Allium sativum is one of nature's most versatile medicinal plant.
Botanical Name: Allium sativum
Plant Family: Lilliceae
Common Names: Clove Garlic, Poor Man's Treacle
History:Garlic is a member of the onion family and is one of nature's most versatile medicinal plant.
Garlic has been used as both food and medicine in many cultures for thousands of years, dating back to when the Egyptian pyramids were built. In early 18th -century France, gravediggers drank a concoction of crushed garlic in wine they believed would protect them from the plague that killed many people in Europe. More recently, during both World Wars I and II, soldiers were given garlic to prevent gangrene. Today garlic is used to help prevent heart disease, including atherosclerosis (plaque buildup in the arteries that can block the flow of blood and possibly lead to heart attack or stroke), high cholesterol, high blood pressure, and to improve the immune system. Garlic may also protect against cancer.
While the science is not conclusive, research shows promise for garlic in the areas of cancer protection and heart-related risk factors for patients.
Garlic is rich in antioxidants, which help destroy free radicals -- particles that can damage cell membranes, interact with genetic material, and possibly contribute to the aging process as well as the development of a number of conditions, including heart disease and cancer. Free radicals occur naturally in the body, but environmental toxins (including ultraviolet light, radiation, cigarette smoke, and air pollution) can also increase the number of these damaging particles. Antioxidants neutralize free radicals and may reduce or even help prevent some of the damage they cause over time.
Garlic is a perennial that originally came from central Asia, and is now cultivated throughout the world. It can grow 2 feet high or more. The most important part of this plant for medicinal purposes is the compound bulb. Each bulb is made up of 4 - 20 cloves, and each clove weighs about 1 gram. Garlic supplements can either be made from fresh, dried, aged, or garlic oil, and each may have different effects on the body.
Garlic supplements are made from whole fresh garlic, dried, or freeze-dried garlic, garlic oil, and aged garlic extracts.
Not all garlic contains the same amount of active ingredients. There is a wide variation in the amount of important components in both fresh garlic and commercial supplements. The amount of healthy compounds present depends on where the garlic is grown as well as how the product is prepared. Some experts believe that the wide variation in the quantity of active ingredients in garlic preparations explains why there is some variability in how well the substances lower cholesterol, improve blood pressure, and fight infection in different people.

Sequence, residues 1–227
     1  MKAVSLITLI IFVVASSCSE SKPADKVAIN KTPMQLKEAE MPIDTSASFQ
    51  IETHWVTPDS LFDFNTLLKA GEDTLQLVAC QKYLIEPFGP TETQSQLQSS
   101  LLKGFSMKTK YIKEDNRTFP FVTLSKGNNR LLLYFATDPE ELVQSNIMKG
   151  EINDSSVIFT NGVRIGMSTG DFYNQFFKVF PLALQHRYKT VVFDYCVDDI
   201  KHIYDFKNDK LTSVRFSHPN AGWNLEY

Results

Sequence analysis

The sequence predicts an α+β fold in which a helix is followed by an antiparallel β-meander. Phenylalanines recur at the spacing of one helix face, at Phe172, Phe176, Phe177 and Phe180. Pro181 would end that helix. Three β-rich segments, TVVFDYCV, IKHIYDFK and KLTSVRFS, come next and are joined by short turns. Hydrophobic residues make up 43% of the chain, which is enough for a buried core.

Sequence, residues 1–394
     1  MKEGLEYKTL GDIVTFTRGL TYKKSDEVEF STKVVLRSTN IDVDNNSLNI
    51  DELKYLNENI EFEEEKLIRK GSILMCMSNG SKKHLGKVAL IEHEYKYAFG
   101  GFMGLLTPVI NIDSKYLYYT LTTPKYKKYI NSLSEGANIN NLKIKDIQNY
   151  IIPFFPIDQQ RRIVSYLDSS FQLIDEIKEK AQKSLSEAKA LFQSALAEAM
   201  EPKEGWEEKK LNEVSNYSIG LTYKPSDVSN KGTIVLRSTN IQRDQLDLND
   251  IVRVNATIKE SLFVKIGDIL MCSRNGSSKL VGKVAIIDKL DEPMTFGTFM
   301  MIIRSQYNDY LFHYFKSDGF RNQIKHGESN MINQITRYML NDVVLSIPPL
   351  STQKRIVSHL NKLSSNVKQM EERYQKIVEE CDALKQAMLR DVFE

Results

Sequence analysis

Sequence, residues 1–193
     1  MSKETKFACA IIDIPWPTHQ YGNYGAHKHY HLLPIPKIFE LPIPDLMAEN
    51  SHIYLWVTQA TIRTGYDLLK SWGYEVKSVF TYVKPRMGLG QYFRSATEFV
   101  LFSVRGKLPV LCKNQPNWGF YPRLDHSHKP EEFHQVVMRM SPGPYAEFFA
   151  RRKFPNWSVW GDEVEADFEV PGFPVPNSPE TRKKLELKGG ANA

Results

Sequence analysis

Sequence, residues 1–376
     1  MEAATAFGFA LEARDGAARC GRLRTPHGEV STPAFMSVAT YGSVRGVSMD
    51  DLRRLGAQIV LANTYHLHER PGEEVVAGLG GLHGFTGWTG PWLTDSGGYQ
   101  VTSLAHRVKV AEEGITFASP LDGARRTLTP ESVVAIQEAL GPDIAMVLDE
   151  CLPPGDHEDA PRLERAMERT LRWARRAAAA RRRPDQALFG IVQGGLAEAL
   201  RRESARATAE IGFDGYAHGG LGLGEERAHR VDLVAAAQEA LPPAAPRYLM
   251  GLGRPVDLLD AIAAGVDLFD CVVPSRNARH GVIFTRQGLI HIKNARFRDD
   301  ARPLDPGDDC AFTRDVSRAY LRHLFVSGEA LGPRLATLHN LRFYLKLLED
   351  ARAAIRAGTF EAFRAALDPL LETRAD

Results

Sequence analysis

Aged garlic products are made by fermenting garlic. Several clinical studies support the use of aged garlic for cardiovascular disease prevention. Aged garlic is high in sulfur compounds that are easily absorbed and have beneficial effects on heart disease and health.
It is important to read the label on all garlic products carefully. To get the most beneift, use standardized garlic products. Also, follow the directions of a qualified health care provider with knowledge and experience in herbal medicine.
How to Take It:
An appropriate medicinal dose for children has not been established. For this reason, use of garlic for health-related reasons in children should be directed by a qualified health care provider who has experience treating children with herbal remedies.
Whole garlic clove (as a food supplement): 2 - 4 grams per day of fresh, minced garlic clove (each clove is approximately 1 gram)
Aged garlic extract: 600 - 1,200 mg, daily in divided doses
Tablets of freeze-dried garlic: 200 mg, 2 tablets 3 times daily, standardized to 1.3% alliin or 0.6% allicin. Products may also be found standardized to contain 10 - 12 mg/Gm alliin and 4,000 mcg of total allicin potential (TAP).
Fluid extract (1:1 w/v): 4 mL, daily
Tincture (1:5 w/v): 20 mL, daily
Oil: 0.03 - 0.12 mL, 3 times daily
The use of herbs is a time-honored approach to strengthening the body and treating disease. Herbs, however, contain components that can trigger side effects and that can interact with other herbs, supplements, or medications. For these reasons, herbs should be taken with care, under the supervision of a health care provider qualified in the field of botanical medicine.
Garlic is considered to have very low toxicity and is listed as Generally Recognized as Safe (GRAS) by the U.S. Food and Drug Administration.
Side effects from garlic include upset stomach, bloating, bad breath, body odor, and a stinging sensation on the skin from handling too much fresh or dried garlic. Handling garlic may also cause skin lesions. Other, more rare side effects that have been reported by those taking garlic supplements include headache, fatigue, loss of appetite, muscle aches, dizziness described as vertigo (dizziness), and allergies such as an asthmatic reaction or contact dermatitis (skin rash).
Garlic has blood-thinning properties. This is also important to know if you are going to have surgery or deliver a baby. Too much garlic can increase your risk for bleeding during or after those procedures.
By Malini Kalimuthu
Student of University Padjadjaran
Faculty of Pharmacy